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Excel UDF slow - can add-in speed things up?

Hi,
I have a complex excel workbook with quit some sheets (over 20) with lots of data on it (lets say 30 ranges of 100x100 cells per sheet).
In that workbook there are also a huge amount of formulas that mostly do vlookups, indexes and matches and some ordanary +-*/ calculations. Those formulas are often very complex (4 to 5 lines in the formula bar) so we had to put them in UDF's for readability and to keep things manageable. Which works very nice.
There is only one downside to this workbook: Calculating all formulas can take up to 5 minutes. And because a lot of formulas are linked to one another, we cannot just calculate one sheet but need to do a full calculation.

My question: is there a way to speed up all those UDF's?
I have searced the internet and found quit some stuff to speed things up but it never gives me the complete answer.
One thing that comes back every time is that native Excel functions are much faster than UDF.

So do I have to look for xll, COM/Automation add-in's or are UDF's in VBA still faster?

I have tried xll and COM/Automation add-in's but didn't find a solution yet.
As I mentioned, the formulas do a lot of lookup work so I'm guessing it would be best if I could use the Excel built-in lookup functions as they are quit fast.
But  so far I haven't succeeded in making the Excel Built-in functions work within an xll or COM/Automation add-in.

Any workable help or good ideas would be very much appreciated.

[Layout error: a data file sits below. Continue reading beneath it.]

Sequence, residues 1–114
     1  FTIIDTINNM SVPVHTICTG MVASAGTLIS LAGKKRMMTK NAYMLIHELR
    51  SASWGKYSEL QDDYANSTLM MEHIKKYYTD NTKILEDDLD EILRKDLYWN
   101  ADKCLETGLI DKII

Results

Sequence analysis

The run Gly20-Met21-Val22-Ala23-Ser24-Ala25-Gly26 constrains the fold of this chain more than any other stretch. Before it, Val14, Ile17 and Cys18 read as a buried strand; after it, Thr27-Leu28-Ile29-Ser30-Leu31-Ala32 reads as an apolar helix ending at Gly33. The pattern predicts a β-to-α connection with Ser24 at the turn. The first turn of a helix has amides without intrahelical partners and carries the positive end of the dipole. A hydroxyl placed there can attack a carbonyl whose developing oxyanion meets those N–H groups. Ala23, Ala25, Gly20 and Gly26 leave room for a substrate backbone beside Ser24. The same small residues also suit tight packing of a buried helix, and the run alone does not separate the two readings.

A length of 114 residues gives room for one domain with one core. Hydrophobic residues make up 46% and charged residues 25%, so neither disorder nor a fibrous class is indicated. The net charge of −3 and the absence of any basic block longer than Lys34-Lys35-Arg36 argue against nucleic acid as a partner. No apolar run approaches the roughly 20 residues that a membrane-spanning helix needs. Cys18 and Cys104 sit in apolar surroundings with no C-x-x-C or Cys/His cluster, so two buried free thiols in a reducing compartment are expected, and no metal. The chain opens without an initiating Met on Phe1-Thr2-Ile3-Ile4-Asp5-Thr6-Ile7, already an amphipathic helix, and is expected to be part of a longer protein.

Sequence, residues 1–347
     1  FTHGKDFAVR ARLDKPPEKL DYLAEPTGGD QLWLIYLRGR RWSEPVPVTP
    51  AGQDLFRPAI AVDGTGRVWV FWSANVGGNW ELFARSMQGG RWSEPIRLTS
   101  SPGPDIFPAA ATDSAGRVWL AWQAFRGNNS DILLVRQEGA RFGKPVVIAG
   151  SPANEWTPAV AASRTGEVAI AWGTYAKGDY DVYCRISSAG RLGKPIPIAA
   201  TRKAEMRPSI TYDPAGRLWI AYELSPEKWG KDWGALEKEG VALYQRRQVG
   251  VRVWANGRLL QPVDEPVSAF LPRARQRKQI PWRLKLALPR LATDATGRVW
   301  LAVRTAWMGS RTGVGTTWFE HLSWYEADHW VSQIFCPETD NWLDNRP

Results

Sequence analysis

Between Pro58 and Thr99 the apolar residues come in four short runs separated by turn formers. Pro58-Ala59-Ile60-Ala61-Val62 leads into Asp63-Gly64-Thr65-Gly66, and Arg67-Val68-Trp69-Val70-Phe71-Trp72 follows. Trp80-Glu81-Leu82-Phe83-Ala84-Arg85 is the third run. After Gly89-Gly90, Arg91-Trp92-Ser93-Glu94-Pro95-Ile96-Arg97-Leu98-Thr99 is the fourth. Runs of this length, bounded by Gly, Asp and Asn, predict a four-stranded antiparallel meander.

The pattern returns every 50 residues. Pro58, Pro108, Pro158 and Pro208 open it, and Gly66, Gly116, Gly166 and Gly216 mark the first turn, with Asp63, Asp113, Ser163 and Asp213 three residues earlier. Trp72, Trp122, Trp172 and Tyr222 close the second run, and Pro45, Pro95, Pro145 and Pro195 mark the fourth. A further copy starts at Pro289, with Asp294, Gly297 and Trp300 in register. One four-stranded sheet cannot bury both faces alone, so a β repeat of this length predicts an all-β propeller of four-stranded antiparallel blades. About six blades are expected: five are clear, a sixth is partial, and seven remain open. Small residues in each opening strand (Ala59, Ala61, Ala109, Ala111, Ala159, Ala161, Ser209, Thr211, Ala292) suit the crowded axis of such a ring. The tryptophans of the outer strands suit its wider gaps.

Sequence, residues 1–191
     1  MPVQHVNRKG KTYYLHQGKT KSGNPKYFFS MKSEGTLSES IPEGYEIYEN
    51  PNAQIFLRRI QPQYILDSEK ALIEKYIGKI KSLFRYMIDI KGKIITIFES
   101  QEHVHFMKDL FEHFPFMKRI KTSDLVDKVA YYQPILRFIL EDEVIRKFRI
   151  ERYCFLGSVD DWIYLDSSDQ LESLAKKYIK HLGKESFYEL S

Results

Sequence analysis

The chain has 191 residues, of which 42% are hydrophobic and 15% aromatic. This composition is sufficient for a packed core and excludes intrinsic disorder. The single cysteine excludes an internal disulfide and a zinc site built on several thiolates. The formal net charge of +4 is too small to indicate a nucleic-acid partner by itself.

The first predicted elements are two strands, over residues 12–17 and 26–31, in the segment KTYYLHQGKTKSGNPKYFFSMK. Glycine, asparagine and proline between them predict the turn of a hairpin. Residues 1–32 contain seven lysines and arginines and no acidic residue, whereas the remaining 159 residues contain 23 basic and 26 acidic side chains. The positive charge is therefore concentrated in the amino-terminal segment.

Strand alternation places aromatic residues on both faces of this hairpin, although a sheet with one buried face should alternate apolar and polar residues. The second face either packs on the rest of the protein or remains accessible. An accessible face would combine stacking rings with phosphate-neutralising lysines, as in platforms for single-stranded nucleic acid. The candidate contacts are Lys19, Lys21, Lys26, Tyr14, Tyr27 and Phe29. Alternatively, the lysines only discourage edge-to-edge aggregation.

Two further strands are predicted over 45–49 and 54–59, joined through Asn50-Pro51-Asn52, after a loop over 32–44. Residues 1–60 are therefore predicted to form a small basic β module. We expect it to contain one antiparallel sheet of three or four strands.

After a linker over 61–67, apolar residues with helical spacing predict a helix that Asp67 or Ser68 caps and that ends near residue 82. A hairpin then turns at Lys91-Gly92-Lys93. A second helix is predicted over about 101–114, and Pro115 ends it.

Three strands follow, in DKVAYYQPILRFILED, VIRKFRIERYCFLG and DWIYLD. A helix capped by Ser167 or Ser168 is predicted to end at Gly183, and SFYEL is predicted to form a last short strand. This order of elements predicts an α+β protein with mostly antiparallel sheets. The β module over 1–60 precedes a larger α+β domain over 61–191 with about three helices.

ps: Could "Add-in Express 2010 for Microsoft Office and .net"  do the job? Can't try that one as there is no trial version available...
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Emenizer
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Emenizer
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byundtCommented:
You might consider looking at the code developed by William Hooper to speed up VLOOKUP functions. He replaces those functions with alternatives that eliminate the dependency on entire columns or rows. VLOOKUP updates every time anything changes in its reference table. Hooper's functions update only when the specific cell you care about is changed.

The unfortunate part is the fact that Hooper's web page has been defunct for several years. You can use the Internet Time Machine to access it, however. http://web.archive.org/web/20041207214923/http://www.whooper.co.uk/excelstuff.htm 

You'll need the code in a .xll (not one of the file formats I can post on Experts Exchange) and a .xla  There is a link at the bottom of Hooper's web page that lets you download it. Please post if you have difficulty--I do have a copy.

Brad
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Patrick MatthewsCommented:
Emenizer,Ceteris paribus, native Excel functions will be faster than VBA UDFs, and even complex formulas that rely only on native functions will tend to be faster than UDFs.That said, xll UDFs should run faster than VBA UDFs, but it's still unlikely that they will run as fast as native functions.Brad gave you some great stuff there.  About all that I can add to it:1) Try to avoid array formulas if you can, even if it means using "helper columns".  Having a few thousand array formulas is a great way to slow your workbook to a crawl2) Some Experts here say that under some circumstances, INDEX/MATCH can be faster than VLOOKUPPatrick
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EmenizerAuthor Commented:
@byundt: an interessting article! But the link to the zip on there isn't working anymore. You wouldn't have that one anymore, would you?
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byundtCommented:
Emenizer,
Try downloading that file here: https://filedb.experts-exchange.com/incoming/ee-stuff/7981-whooper.zip

Brad
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